Can you explain why each goal is a priority, the “why”? Brooks advises, “If there is not a why that evokes passion for you, the goal will not be a top priority, and it will likely go unmet.”

It is also important to set deadlines for accomplishing goals. Short-term goals should have what Brooks calls “a little time nugget that is attainable.” Medium and long-term goals will require more time to accomplish. Moreover, it’s crucial that they aren’t in conflict. “Are your short- and mid-term goals aligned with your long-term goals?”

The Path Forward

Sometimes it’s not enough to know where you are going. You also need to figure out how to get there. Brooks recommends seeking advice from others you respect and searching out inspiring content available from free or subscription sources such as LinkedIn Learning, Ted Talks and Harvard ManageMentor. Staying focused, she says, will allow you to realize the goals you desire.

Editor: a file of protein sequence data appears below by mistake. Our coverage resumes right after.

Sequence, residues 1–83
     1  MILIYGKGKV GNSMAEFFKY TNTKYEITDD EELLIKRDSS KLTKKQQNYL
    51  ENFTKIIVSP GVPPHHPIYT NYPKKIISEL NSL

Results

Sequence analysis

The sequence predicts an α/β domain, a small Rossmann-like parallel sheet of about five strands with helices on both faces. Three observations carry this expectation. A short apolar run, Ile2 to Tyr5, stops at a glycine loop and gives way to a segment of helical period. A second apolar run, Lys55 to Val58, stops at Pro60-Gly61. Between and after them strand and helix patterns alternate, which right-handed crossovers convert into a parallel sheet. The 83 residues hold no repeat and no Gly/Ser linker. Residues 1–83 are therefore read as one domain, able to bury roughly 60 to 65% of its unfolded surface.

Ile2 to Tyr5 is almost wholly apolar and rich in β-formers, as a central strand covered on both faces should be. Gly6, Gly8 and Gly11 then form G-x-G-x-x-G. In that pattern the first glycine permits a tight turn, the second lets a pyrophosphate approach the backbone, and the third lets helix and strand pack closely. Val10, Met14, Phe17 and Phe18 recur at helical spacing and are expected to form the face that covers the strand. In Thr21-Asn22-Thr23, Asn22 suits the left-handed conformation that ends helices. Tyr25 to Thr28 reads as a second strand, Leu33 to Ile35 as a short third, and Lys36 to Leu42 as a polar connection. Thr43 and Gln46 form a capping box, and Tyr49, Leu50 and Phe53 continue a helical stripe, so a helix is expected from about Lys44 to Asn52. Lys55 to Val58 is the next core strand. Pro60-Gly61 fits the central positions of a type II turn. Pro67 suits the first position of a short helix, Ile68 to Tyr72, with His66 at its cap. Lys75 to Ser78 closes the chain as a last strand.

Celebrate Success

Goals cannot be reached without working toward them every day. Understanding what it takes to achieve them requires due diligence, an honest assessment of strengths and weaknesses, and research to shore up your knowledge where needed. When you reach a milestone, large or small, celebrate that success!

Employees are our most valuable asset. It is up to us to both model successful behaviors and to help them achieve their goals.

Brook’s article, “Reach for the Best Version of You” — which includes a special sidebar, “Think. Yes Just Think!” — is available in the January/February 2021 issue of TFM, which may be found on the MFM website for a couple more weeks. After that, it will only be available in our Members Only area.